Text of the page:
Monday’s Supreme Court decision upholding the police practice of taking DNA samples from people who have been arrested but not convicted of a crime is a major victory for law enforcement and public safety. In upholding a Maryland law, the High Court decided one of the most important criminal procedure cases it has taken up in decades.
In the 5-4 ruling that altered normal ideological alliances, the Court ruled that the practice amounts to the 21st century version of fingerprinting. The majority ruled that DNA sampling, after an arrest “for a serious offense” and when officers “bring the suspect to the station to be detained in custody,” does not violate the Fourth Amendment’s prohibition of unreasonable searches. Maryland Attorney General Douglas Gansler applauded the decision, saying it will help “unsolvable cold cases” and can help exonerate those wrongly accused.
Of the 50 states, nearly 30 states including California, as well as the federal government currently authorize the practice. The High Court’s decision on Monday may hasten the practice becoming standard procedure nationwide as a valuable tool for investigating unsolved crimes. Another benefit of Monday’s ruling is that it likely will bolster California’s defense of various court challenges of the existing program to collect DNA. And looking to the near future when instant DNA testing becomes practical, DNA swabbing can play a key role in identifying a person under arrest so a judge can make an informed decision about granting bail.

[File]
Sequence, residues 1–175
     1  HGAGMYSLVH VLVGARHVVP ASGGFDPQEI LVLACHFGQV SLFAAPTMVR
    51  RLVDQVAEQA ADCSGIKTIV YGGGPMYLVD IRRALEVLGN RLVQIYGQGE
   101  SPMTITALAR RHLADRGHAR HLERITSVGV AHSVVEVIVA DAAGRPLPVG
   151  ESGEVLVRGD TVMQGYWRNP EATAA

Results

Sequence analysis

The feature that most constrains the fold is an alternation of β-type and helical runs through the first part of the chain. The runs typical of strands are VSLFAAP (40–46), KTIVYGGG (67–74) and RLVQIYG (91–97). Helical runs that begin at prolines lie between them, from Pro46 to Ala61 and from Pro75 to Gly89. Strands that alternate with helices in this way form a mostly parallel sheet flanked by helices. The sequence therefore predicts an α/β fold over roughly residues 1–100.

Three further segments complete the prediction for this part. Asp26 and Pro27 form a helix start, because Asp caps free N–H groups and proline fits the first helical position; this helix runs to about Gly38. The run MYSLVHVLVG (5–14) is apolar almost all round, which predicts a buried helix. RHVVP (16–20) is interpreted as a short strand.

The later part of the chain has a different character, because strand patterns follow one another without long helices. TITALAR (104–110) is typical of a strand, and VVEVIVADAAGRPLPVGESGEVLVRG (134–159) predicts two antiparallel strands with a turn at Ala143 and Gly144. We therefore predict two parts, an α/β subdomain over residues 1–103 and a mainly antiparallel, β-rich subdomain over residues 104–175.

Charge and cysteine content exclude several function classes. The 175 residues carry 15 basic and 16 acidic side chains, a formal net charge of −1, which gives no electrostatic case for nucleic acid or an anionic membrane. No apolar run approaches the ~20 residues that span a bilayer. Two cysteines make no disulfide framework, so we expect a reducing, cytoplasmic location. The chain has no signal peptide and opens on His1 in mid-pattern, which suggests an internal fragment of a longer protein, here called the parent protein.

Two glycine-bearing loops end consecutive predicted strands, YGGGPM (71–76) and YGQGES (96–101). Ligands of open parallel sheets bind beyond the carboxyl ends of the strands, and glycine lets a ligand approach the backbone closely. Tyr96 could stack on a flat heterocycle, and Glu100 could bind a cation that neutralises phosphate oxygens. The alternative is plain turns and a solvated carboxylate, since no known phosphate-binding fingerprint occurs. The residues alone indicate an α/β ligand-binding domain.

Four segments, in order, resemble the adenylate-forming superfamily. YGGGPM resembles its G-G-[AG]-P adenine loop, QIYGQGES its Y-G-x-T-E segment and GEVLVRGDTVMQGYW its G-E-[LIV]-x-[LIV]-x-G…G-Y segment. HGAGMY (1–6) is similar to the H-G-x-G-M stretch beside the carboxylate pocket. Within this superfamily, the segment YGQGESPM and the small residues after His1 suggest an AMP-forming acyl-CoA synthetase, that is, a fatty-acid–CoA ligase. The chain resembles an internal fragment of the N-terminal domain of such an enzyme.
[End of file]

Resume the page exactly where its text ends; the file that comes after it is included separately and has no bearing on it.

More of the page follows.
California voters wisely approved the collection of DNA from many criminal suspects in 2004. The League knows from experience that DNA collection from suspects has helped solve violent crimes and it has gotten violent serial offenders off the streets, saving untold lives of innocent people.
We commend Chief Justice John G. Roberts Jr. and Justices Antony M. Kennedy, Clarence Thomas, Stephen G. Breyer and Samuel A. Alito Jr. for their courageous decision. Our nation and our cities will be safer for it.
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